Broadway vet Elaine Stritch is not only a distinct and hilarious stage comedienne, but an excellent raconteur, as evidenced by the fantastic Elaine Stritch at Liberty available on DVD and CD (though the DVD is pretty difficult to find). Stritch has had a pretty wild and eventful life, starting with her precocious childhood in a wealthy Detroit suburb, to being the toast of Broadway as well as a big hit in London’s West End. Along the way, she’s nursed personal and professional disappointments, while having to contend with an alcohol problem that would later have detrimental effects on her work as well as her relationships.
Stritch appears on stage in a white dress shirt and stockings – despite her advanced age, Stritch’s set of gams would’ve made Tina Turner green with envy. The stage is set in extreme minimalism: there’s just Stritch and a highboy chair. And that’s okay, because the show is really all about the actress and her storied career – as well as her legendary irreverence and bawdy language.
The show is structured somewhat chronologically – we’re invited to Stritch’s childhood in Detroit, where she’s the darling of a loving nanny and two seemingly indulgent parents. She then moves on to her time in convent school and acting school, with a young, brooding hopeful named Marlon Brando. We’re also given first-hand accounts of triumphs on the stage as well as audition tales and gossipy dish – all of these stories are peppered with some familiar showbiz names like Noel Coward, Gloria Swanson, Hal Prince – Stritch even does a great Judy Garland impression, when recounting a tale of a particularly rousing night of drinking that kept her up past 8 in the morning.
And drinking is a pretty common theme in the show – her alcoholism, looms, casting a large, consuming shadow over every story she tells. Stritch is frank, without self-pity, as she talks about how her drunken behavior cost her some choice roles (she didn’t do so hot in an audition for a huge NBC sitcom that went on for 7 seasons – I won’t spoil the surprise and tell you which one it is).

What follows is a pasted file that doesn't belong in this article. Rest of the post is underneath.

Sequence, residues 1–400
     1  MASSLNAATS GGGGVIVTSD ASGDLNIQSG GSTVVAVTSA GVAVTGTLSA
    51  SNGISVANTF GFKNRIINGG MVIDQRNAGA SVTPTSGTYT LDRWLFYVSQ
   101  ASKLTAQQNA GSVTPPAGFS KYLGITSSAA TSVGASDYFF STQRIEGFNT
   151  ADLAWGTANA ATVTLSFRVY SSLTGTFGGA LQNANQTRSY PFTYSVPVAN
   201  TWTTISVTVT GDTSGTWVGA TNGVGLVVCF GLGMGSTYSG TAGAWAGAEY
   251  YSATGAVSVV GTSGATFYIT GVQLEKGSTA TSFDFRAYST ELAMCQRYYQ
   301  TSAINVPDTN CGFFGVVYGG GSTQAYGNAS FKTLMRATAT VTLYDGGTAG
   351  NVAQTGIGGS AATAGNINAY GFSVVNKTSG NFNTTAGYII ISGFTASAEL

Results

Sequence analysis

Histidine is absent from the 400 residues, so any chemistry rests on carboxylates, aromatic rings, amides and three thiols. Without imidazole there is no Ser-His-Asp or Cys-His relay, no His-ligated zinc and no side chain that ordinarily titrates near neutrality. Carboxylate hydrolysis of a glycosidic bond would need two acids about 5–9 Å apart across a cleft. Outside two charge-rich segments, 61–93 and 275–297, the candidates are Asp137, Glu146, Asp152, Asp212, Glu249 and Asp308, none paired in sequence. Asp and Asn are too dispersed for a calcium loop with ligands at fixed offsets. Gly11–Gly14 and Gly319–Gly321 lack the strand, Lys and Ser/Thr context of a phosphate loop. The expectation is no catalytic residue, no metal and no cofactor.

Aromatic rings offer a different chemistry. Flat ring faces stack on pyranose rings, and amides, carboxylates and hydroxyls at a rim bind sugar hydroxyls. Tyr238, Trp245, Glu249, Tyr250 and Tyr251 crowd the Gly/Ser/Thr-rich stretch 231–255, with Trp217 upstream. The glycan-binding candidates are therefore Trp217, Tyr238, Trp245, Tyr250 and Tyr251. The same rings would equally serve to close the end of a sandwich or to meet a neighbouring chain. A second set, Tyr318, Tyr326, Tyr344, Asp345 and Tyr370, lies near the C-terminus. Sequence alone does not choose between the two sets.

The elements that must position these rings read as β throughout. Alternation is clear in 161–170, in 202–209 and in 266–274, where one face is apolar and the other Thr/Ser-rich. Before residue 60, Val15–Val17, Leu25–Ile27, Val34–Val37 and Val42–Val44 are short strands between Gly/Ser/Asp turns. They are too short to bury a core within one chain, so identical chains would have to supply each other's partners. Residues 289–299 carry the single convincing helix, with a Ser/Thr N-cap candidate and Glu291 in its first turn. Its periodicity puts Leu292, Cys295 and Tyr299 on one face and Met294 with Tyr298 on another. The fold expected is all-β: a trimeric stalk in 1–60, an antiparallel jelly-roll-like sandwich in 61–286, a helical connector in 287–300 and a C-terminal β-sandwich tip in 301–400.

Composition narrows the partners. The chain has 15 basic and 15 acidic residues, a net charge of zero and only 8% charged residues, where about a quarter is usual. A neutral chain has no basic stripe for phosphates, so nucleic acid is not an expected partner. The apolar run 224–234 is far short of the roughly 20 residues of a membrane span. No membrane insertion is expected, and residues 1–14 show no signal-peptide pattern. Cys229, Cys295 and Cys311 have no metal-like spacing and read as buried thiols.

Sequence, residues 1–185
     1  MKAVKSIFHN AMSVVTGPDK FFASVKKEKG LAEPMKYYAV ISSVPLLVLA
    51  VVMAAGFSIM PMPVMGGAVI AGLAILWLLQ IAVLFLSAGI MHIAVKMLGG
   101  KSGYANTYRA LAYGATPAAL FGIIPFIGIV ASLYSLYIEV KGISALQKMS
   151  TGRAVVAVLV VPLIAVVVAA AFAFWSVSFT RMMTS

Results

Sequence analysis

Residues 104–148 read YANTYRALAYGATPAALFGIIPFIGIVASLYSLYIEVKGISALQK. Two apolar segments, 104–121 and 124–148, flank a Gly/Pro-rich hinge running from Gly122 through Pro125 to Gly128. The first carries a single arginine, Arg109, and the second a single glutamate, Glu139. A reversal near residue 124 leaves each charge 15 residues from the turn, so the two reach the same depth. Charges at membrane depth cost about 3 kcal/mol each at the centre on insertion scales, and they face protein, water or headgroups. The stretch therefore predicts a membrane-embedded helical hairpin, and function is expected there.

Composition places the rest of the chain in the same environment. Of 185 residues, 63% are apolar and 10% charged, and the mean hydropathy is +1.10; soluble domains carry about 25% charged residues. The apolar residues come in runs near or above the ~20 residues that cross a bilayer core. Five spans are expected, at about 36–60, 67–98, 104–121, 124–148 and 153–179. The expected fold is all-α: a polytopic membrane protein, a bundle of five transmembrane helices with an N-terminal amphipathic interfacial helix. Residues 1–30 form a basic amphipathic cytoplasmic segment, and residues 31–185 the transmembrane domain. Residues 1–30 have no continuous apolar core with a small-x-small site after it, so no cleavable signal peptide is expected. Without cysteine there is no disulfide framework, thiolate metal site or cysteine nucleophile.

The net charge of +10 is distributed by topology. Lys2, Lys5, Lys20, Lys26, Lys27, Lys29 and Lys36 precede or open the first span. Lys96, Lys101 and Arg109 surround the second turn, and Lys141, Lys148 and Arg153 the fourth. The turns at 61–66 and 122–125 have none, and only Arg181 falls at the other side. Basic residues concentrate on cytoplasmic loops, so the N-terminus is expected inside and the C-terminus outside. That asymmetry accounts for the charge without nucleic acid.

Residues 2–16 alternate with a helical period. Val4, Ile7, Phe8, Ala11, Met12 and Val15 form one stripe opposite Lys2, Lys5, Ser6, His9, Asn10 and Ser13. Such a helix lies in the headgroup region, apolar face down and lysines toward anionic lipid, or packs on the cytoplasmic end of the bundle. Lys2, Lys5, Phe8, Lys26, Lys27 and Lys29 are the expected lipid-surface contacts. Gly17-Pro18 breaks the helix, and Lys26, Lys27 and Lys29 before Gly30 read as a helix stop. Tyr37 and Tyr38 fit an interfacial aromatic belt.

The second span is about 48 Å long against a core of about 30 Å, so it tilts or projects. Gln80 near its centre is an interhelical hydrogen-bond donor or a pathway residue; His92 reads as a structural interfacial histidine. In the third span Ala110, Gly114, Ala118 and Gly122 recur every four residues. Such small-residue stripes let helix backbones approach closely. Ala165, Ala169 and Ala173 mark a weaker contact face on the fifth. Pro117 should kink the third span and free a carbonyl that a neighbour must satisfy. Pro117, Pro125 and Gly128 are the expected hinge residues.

But this isn’t a gloomy evening at the theater. Stritch is a first-rate comedienne, and she tells the stories – even the sad ones – with a great deal of wit and self-deprecating humor. She’s also got a great sense of timing and despite her age, a strong command of physical comedy – her recounting of a stage-hogging costar in a production of The Women is priceless.
Aside from the stories, Stritch also sings a few songs. She’s a Broadway legend, whose voice is known for its acerbic, booming quality – age has weathered it a bit, but her lung power is surprisingly robust. She can still belt with an estimable volume; but because she doesn’t possess a technically pretty voice, she relies on heavy characterization when she performs. Her huge hit “Ladies Who Lunch” is a climax of the show – despite singing it for 30 years now, she’s still able to present it without staleness; Another Broadway chestnut, “I’m Still Here,” which feels tailor-made for Stritch, also is performed – the song’s lyrics of clawing one’s way to the top, and then trying to do all one can to stay there, serves as a great metaphor for Stritch’s own career – it’s a great choice. She sings other songs – many of them broken up throughout the show, to allow for more rambling – though none of the musical numbers reach the height of “Ladies Who Lunch” they’re all still enjoyable.
The format of the show highlights Stritch’s strengths, catering to what she does best. She remains focused on her stage career, giving a brief glance at her film work, and really the show’s a nostalgic look at a Broadway, New York society that’s on its last legs. Still, even if the stories are tales of old, they’re still part of showbiz lore that’s great to listen to.